foldr -text

foldr, applied to a binary operator, a starting value (typically the right-identity of the operator), and a list, reduces the list using the binary operator, from right to left: > foldr f z [x1, x2, ..., xn] == x1 `f` (x2 `f` ... (xn `f` z)...)
foldr, applied to a binary operator, a starting value (typically the right-identity of the operator), and a packed string, reduces the packed string using the binary operator, from right to left.
O(n). Fold the elements in the set using the given right-associative binary operator, such that foldr f z == foldr f z . toAscList. For example, > toAscList set = foldr (:) [] set
foldr, applied to a binary operator, a starting value (typically the right-identity of the operator), and a ByteString, reduces the ByteString using the binary operator, from right to left.
O(n). Fold the values in the map using the given right-associative binary operator, such that foldr f z == foldr f z . elems. For example, > elems map = foldr (:) [] map > let f a len = len + (length a) > foldr f 0 (fromList [(5,"a"), (3,"bbb")]) == 4
O(n). Fold the values in the map using the given right-associative binary operator, such that foldr f z == foldr f z . elems. For example, > elems map = foldr (:) [] map > let f a len = len + (length a) > foldr f 0 (fromList [(5,"a"), (3,"bbb")]) == 4
O(n). Fold the elements in the set using the given right-associative binary operator, such that foldr f z == foldr f z . toAscList. For example, > toAscList set = foldr (:) [] set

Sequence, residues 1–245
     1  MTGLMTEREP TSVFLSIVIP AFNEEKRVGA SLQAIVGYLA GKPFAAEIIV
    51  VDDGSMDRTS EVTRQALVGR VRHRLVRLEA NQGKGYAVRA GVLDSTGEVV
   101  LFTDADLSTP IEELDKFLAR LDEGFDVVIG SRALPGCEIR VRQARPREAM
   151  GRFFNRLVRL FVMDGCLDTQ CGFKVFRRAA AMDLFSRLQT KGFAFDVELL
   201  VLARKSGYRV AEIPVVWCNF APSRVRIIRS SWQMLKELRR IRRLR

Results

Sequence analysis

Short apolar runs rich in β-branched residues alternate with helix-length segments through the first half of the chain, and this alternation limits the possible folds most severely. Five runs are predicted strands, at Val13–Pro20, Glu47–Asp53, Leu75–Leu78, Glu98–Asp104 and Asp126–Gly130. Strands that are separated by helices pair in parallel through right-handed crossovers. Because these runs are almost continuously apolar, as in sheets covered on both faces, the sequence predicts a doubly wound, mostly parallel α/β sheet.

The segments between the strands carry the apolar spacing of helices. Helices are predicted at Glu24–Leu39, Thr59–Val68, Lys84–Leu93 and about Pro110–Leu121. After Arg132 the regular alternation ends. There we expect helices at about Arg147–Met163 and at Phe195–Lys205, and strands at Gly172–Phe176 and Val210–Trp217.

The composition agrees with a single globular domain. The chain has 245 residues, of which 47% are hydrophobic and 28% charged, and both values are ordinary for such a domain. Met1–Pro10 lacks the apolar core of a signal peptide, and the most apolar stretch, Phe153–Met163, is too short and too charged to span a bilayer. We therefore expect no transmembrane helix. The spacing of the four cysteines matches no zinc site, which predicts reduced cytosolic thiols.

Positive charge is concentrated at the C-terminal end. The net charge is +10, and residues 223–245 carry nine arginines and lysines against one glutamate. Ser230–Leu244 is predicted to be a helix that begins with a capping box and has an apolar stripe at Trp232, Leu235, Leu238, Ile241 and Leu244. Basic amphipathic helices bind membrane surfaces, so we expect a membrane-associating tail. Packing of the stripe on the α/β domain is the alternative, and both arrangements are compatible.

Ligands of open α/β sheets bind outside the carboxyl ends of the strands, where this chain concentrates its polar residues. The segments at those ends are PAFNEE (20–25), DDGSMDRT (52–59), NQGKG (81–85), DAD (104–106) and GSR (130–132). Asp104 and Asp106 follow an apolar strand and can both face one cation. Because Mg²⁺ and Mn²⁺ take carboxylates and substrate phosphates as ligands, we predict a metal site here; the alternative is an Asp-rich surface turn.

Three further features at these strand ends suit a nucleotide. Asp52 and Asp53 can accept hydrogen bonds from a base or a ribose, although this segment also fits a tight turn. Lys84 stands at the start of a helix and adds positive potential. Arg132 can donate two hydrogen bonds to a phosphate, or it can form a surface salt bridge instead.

foldr1 is a variant of foldr that has no starting value argument, and thus must be applied to non-empty lists.
Fold over the elements of a structure, associating to the right, but strictly.
Monadic fold over the elements of a structure, associating to the right, i.e. from right to left.
'foldr\'' is a strict variant of foldr
O(n). A strict version of foldr. Each application of the operator is evaluated before using the result in the next application. This function is strict in the starting value.
'foldr\'' is like foldr, but strict in the accumulator.
O(n). A strict version of foldr. Each application of the operator is evaluated before using the result in the next application. This function is strict in the starting value.
O(n). A strict version of foldr. Each application of the operator is evaluated before using the result in the next application. This function is strict in the starting value.
O(n). A strict version of foldr. Each application of the operator is evaluated before using the result in the next application. This function is strict in the starting value.